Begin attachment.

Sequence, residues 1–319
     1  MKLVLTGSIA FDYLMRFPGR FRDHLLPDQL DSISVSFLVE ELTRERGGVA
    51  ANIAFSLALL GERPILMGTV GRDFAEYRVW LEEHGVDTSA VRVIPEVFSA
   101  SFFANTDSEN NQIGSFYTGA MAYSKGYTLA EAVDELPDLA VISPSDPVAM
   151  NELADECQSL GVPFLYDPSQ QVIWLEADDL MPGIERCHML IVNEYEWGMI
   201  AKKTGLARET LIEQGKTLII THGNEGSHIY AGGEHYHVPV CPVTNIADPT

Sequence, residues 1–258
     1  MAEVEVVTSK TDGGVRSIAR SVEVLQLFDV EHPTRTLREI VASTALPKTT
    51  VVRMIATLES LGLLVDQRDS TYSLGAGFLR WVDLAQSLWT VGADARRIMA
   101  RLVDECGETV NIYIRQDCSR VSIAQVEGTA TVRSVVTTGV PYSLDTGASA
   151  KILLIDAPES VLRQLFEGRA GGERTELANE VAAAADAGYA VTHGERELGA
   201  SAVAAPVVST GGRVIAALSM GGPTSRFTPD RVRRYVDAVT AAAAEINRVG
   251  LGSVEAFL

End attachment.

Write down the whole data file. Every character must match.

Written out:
Sequence, residues 1–319
     1  MKLVLTGSIA FDYLMRFPGR FRDHLLPDQL DSISVSFLVE ELTRERGGVA
    51  ANIAFSLALL GERPILMGTV GRDFAEYRVW LEEHGVDTSA VRVIPEVFSA
   101  SFFANTDSEN NQIGSFYTGA MAYSKGYTLA EAVDELPDLA VISPSDPVAM
   151  NELADECQSL GVPFLYDPSQ QVIWLEADDL MPGIERCHML IVNEYEWGMI
   201  AKKTGLARET LIEQGKTLII THGNEGSHIY AGGEHYHVPV CPVTNIADPT

Sequence, residues 1–258
     1  MAEVEVVTSK TDGGVRSIAR SVEVLQLFDV EHPTRTLREI VASTALPKTT
    51  VVRMIATLES LGLLVDQRDS TYSLGAGFLR WVDLAQSLWT VGADARRIMA
   101  RLVDECGETV NIYIRQDCSR VSIAQVEGTA TVRSVVTTGV PYSLDTGASA
   151  KILLIDAPES VLRQLFEGRA GGERTELANE VAAAADAGYA VTHGERELGA
   201  SAVAAPVVST GGRVIAALSM GGPTSRFTPD RVRRYVDAVT AAAAEINRVG
   251  LGSVEAFL